SAN FRANCISCO (KGO) -- San Francisco Mayor London Breed has introduced legislation that could be an initial step in allowing a supervised drug-use site in the city.
It's something that is not technically legal in the state or the nation but something that local officials believe could help San Francisco's drug epidemic.
The building at 822 Geary Boulevard in San Francisco's Tenderloin was boarded up with graffiti on it Tuesday but that could soon change. The mayor would like the city to buy it so it could possibly be used as a supervised drug-use site.
"I live one block from the site. There are people who are using and shooting up all over this neighborhood and they are dying on our streets," says SF District 6 Supervisor Matt Haney who is in favor of the plan. One that addresses last year's 700 deaths on SF streets due to drug overdoses.
"It's unacceptable for people to be walking down the street, families seeing folks who are injecting out in public, and then folks are dying out on our streets. We've got to get them inside and we've got to get them help," says Haney.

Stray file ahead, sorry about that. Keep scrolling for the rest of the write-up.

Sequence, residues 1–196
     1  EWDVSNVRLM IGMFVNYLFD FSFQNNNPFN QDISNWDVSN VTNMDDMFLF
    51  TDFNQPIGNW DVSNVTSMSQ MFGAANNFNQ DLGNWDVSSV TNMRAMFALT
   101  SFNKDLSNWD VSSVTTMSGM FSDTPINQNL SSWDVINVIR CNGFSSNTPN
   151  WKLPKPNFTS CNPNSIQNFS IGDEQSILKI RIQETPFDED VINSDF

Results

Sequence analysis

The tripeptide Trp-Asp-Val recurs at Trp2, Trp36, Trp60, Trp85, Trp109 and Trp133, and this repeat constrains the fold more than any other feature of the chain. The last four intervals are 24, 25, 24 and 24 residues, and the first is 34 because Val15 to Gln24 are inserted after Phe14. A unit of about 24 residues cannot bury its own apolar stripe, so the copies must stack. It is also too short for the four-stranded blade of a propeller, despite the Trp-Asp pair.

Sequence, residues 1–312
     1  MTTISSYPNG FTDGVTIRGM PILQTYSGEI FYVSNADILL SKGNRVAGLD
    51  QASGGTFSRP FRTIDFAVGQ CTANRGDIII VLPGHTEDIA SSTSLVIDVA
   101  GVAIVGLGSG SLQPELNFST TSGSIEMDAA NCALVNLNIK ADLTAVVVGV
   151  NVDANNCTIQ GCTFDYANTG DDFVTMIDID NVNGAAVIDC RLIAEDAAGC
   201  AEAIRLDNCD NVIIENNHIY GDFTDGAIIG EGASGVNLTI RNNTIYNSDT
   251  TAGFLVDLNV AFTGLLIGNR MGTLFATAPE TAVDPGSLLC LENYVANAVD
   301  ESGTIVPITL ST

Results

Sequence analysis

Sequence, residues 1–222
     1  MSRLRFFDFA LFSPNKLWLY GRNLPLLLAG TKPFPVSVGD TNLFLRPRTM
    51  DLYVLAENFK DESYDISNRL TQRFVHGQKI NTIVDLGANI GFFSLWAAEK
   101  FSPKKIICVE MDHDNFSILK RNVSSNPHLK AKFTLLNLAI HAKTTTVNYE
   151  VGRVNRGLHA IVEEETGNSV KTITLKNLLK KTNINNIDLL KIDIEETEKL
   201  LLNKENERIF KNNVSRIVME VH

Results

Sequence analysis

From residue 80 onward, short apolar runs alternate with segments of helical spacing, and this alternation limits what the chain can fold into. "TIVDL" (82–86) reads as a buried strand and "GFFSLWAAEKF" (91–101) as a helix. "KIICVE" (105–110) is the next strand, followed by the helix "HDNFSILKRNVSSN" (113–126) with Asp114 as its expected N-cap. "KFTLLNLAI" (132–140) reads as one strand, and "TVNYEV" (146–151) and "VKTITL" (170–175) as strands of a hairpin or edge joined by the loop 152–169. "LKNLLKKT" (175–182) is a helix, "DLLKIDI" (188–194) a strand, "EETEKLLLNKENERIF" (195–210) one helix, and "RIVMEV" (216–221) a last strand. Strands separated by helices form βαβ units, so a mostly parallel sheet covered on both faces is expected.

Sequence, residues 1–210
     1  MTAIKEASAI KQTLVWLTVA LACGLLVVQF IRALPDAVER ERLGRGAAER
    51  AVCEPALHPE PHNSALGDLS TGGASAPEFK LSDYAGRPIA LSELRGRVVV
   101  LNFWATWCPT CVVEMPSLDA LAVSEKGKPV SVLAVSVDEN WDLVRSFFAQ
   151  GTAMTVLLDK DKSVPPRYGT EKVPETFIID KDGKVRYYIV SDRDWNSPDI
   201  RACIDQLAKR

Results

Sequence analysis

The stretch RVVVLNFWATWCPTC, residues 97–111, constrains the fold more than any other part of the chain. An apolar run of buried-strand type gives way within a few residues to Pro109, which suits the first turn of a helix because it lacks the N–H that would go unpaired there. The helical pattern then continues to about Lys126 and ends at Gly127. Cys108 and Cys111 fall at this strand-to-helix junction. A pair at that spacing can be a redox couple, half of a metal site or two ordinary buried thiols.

This is a controversial move though because technically a supervised drug use or safe injection site is illegal.
"Under the Trump administration they made it clear, you open up we will shut you down and you will be criminally liable because injecting drugs is against the law and if a city helps with that, they're breaking the law," says ABC7 News Insider Phil Matier.
State Senator Scott Wiener has authored a bill that would make safe injection sites legal on a state level in San Francisco, Oakland, and Los Angeles. He is in support of making the San Francisco location a safe drug use site.
"I'd be really surprised if Joe Biden took the same right-wing position as Donald Trump. No kid should have to see that and have to step over people who are shooting up or potentially stepping on a syringe. We don't want that in our neighborhoods," says Wiener.
But will it work?
"I'm not sure that the people who are shooting up drugs on the streets right now in the tenderloin are going to say, 'Hey wait a minute I want to go over to this safe site'. They're going to do it when they get it," says Matier.
As for the next step, there is still a long way to go, and a decision may not be made on this issue until well into next year.